Mr. Speaker, employees deserve to be paid properly and on time. Supporting employees facing pay issues and stabilizing the pay system remains a top priority.
While there is still work left to do, the government has taken significant steps to resolve pay issues. We have made steady progress in decreasing the backlog of transactions, improving processes, strengthening and increasing capacity, and providing enhanced services to employees calling the client contact centre.
The government is proposing new measures to support employees who carry the burden of having to repay overpayments due to no fault of their own. These measures will build on our commitment to minimize the financial impacts of Phoenix on employees and fix this unacceptable problem that we inherited from the Conservatives. The government’s proposed measures would allow employees to repay their employer only the net amount of overpayments received in the previous year. As a result, affected employees would generally no longer have to bear the burden of recovering these deductions from the CRA and repaying them to their employer.
In regard to (a), federal employees' pay is never put on hold, including when employees have an overpayment. Overpayments are usually the result of late processing in the Phoenix pay system and can result from the following situations: an employee’s acting pay did not stop when their acting assignment ended; an employee is, or was, on leave without pay and their pay was not stopped; or an employee received pay that they were not entitled to receive.
In early March 2018, the government implemented additional flexible measures to help minimize the financial impact and hardships to employees for the repayment of overpayments related to Phoenix pay system issues.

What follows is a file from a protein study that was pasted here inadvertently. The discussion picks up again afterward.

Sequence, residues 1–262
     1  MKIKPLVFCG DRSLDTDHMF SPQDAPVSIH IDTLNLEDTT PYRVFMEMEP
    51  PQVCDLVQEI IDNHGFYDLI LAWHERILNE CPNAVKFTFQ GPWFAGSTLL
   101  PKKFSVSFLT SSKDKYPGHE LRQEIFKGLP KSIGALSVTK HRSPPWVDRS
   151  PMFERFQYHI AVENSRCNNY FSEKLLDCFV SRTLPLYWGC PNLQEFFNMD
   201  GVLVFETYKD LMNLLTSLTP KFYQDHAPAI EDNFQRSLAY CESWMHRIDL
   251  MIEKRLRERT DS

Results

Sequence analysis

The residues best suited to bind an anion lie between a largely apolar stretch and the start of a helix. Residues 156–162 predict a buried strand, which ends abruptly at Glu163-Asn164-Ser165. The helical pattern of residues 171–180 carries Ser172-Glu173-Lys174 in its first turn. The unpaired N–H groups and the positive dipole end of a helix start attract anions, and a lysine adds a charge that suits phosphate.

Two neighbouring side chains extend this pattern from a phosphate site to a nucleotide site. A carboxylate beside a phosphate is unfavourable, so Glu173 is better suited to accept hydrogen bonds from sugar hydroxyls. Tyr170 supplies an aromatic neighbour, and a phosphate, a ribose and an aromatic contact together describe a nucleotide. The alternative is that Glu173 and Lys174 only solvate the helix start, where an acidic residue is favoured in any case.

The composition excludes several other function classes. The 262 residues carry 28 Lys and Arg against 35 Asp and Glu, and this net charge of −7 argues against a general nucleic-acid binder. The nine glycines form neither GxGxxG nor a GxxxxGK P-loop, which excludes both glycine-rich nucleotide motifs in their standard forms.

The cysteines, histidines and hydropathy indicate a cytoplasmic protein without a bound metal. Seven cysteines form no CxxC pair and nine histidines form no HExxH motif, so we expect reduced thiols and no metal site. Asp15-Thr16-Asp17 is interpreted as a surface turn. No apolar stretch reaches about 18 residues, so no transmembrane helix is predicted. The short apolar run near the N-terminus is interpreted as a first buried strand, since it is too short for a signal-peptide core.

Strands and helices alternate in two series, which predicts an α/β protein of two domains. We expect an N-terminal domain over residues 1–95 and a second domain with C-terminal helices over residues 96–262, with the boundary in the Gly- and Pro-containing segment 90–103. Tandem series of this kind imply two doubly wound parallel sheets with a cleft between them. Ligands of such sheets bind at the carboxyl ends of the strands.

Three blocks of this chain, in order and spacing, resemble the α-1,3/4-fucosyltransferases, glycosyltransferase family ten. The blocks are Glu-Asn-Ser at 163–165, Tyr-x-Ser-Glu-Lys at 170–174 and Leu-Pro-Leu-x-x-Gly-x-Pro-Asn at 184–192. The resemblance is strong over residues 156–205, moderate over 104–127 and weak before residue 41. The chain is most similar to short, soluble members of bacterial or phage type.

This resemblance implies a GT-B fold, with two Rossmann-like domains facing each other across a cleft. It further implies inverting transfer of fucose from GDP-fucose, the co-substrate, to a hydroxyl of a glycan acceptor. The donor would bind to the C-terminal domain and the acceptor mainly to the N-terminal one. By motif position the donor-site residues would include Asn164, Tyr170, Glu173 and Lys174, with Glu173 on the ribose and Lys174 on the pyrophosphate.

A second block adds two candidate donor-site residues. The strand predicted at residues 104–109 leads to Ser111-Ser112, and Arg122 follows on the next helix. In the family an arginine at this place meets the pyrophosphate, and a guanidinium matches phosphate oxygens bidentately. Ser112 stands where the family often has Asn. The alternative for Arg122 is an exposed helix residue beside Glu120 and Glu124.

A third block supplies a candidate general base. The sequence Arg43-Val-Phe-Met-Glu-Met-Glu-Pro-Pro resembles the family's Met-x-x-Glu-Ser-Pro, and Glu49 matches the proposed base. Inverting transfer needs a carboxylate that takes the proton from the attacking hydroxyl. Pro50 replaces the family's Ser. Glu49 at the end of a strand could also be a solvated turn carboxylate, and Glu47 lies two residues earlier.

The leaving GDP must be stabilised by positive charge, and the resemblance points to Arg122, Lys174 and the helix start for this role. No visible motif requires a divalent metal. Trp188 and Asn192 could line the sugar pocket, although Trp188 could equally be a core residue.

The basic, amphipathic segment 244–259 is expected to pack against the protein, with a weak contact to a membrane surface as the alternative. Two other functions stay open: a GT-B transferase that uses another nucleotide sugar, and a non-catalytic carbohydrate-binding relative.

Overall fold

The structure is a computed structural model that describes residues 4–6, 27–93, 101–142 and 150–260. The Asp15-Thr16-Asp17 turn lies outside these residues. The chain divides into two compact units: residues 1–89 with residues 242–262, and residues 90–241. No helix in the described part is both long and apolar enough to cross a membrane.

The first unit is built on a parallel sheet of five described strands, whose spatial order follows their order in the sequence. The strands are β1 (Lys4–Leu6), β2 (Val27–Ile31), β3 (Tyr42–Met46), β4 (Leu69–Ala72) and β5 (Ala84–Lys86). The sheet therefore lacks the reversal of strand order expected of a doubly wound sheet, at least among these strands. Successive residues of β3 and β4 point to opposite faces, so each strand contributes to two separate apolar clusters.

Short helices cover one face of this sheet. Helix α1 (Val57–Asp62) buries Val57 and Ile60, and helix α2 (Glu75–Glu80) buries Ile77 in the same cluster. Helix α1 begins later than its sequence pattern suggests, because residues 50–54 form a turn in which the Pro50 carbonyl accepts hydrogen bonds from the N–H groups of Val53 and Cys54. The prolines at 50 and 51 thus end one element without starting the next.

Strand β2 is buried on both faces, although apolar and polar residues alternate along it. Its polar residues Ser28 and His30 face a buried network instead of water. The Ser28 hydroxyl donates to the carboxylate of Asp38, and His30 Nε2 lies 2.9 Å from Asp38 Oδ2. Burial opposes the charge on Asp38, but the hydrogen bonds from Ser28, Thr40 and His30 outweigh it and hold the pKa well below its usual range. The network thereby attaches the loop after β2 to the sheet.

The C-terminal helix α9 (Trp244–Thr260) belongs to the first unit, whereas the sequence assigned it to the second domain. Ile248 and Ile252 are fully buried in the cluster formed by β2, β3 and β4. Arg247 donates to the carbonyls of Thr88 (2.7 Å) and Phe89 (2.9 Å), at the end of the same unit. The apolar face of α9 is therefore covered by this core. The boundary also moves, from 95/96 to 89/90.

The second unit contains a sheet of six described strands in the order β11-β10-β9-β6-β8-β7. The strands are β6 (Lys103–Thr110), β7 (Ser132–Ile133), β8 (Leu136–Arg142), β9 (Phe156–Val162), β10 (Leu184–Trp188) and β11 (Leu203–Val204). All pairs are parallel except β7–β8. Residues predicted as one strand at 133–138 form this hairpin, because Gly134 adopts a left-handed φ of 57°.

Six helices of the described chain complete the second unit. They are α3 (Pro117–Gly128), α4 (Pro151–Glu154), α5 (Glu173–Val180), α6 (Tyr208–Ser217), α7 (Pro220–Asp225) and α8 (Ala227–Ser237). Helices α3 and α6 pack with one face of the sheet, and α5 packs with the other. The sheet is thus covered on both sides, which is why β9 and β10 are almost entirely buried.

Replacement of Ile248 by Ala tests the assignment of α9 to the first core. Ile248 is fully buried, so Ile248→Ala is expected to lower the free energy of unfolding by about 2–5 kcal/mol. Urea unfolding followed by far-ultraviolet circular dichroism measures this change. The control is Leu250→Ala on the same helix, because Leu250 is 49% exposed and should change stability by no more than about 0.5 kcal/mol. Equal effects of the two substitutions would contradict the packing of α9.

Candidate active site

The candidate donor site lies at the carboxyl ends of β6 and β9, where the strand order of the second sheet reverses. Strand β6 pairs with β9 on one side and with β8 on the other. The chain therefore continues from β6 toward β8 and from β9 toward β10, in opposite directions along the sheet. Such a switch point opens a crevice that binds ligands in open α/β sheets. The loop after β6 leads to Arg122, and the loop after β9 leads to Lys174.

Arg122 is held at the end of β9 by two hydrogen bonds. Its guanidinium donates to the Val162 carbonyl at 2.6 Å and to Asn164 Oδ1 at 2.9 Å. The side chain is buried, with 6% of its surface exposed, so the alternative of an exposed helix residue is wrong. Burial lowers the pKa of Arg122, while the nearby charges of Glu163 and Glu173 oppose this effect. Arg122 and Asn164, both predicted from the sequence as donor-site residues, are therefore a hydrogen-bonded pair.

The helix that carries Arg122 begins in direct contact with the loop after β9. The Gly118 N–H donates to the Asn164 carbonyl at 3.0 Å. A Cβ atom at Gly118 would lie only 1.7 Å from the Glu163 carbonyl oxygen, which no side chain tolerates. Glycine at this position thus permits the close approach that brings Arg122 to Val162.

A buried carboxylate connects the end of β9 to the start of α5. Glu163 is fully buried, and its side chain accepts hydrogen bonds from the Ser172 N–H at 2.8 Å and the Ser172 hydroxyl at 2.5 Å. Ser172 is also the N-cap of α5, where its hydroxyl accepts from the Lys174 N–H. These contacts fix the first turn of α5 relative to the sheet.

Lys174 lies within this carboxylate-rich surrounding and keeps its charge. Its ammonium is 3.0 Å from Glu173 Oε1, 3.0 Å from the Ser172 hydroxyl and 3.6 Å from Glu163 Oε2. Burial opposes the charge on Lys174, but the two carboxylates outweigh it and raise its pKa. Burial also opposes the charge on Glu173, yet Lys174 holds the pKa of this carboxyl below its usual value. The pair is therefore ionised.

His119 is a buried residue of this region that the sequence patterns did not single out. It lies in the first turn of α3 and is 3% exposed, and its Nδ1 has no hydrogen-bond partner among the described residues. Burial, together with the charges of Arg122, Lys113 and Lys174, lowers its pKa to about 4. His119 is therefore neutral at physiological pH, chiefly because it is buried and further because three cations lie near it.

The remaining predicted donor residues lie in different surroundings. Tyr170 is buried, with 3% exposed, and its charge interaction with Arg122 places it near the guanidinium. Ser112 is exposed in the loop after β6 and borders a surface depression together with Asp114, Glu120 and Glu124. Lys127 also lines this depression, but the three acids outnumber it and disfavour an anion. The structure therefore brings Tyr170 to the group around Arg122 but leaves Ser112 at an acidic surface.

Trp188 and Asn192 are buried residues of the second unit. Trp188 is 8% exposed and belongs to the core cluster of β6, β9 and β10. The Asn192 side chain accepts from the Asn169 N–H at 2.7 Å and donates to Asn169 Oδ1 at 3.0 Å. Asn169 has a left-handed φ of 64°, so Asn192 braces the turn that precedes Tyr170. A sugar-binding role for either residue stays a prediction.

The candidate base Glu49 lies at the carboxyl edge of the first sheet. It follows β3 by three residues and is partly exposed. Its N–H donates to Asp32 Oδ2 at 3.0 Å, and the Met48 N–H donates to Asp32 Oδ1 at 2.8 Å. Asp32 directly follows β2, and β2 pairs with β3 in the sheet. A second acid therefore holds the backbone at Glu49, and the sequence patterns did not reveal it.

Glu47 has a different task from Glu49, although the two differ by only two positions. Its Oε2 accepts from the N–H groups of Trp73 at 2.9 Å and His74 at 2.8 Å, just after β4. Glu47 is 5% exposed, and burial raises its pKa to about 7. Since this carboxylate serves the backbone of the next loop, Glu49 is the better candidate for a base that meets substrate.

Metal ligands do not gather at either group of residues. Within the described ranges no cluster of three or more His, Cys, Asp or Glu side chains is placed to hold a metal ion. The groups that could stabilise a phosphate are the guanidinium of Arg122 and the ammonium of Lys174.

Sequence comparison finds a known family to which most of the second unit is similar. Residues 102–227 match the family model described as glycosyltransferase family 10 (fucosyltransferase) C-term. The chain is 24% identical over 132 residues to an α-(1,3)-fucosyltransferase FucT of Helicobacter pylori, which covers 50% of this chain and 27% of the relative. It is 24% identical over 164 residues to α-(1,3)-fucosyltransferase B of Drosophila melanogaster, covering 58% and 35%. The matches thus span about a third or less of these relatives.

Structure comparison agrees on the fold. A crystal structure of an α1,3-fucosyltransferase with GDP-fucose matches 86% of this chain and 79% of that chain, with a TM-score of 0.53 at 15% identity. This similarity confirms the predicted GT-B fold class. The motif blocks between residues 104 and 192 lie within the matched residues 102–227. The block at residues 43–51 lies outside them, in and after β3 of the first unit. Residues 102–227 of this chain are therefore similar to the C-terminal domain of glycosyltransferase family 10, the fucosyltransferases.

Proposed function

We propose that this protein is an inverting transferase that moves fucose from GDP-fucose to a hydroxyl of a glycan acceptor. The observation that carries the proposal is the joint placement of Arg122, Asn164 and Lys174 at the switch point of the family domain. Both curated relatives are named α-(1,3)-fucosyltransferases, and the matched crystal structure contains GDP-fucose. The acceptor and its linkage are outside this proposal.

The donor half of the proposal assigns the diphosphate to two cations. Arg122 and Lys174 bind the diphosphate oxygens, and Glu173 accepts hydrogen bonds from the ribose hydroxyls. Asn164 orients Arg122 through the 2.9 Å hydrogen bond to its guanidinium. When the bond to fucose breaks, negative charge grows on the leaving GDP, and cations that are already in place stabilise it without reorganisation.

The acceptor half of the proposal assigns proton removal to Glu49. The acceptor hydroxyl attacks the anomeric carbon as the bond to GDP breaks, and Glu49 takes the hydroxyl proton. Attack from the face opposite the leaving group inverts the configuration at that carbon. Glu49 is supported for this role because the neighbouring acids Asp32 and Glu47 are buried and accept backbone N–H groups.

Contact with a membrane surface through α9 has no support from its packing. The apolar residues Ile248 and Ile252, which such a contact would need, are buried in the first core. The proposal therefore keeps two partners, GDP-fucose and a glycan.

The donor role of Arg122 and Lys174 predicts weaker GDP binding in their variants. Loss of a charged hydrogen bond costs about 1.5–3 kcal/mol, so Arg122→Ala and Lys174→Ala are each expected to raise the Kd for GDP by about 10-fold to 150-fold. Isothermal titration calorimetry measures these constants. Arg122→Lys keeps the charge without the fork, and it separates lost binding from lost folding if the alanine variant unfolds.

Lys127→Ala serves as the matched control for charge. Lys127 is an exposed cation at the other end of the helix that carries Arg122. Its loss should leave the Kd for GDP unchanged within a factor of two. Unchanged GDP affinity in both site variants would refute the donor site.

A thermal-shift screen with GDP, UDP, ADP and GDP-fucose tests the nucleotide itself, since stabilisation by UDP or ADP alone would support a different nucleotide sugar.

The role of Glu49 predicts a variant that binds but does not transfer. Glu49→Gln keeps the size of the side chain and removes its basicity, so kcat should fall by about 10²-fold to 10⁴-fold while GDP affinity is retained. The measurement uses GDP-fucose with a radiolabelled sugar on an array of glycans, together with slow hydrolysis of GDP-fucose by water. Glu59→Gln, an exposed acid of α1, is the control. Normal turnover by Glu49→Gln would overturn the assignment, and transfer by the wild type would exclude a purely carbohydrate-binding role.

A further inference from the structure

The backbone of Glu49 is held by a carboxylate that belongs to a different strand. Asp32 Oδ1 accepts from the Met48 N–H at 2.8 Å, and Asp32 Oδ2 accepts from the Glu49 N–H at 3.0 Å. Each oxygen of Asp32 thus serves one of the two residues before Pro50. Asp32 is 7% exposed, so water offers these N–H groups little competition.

Recovery of overpaid amounts does not begin until all monies owed to the employee have been paid, the employee has received three consecutive correct pay cheques and a recovery agreement has been established.
Additionally, the government has ensured that employees facing pay issues can request emergency salary advance or priority payments.
For more information, individuals can refer to https://www.tpsgc-pwgsc.gc.ca/remuneration-compensation/services-paye-pay-services/systeme-paye-employes-pay-system-employees/trop-payes-overpayments-eng.html.
With regard to (b), 223,173 employees have had an overpayment recovered from their pay between April 1, 2016, and January 31, 2019. The last day of January 2019 was used as a point of reference to provide a month-to-month breakdown.
Members should note that this number includes overpayments that remain in progress for certain employees, in accordance with the individual employee’s recovery agreement. In addition, this number is comprised of true and technical overpayments. However, the Phoenix pay system currently cannot segregate true overpayments from technical overpayments. True overpayments are created in situations where employees receive pay to which they were not entitled. For example, this occurs when an employee’s termination or leave without pay, for example, parental leave, is entered after the pay period of their departure date. Technical overpayments are created to adjust pay and ensure employees receive the pay to which they were entitled. For example, this occurs when an employee’s acting assignment is entered after the pay period in which the acting assignment began. Technical overpayments are typically netted out in the next pay period. They do not have a negative impact on employees. They are entered to offset a payment adjustment and are seamless to the employee.
With regard to (c), producing this information would require manual work that cannot be completed within prescribed timelines.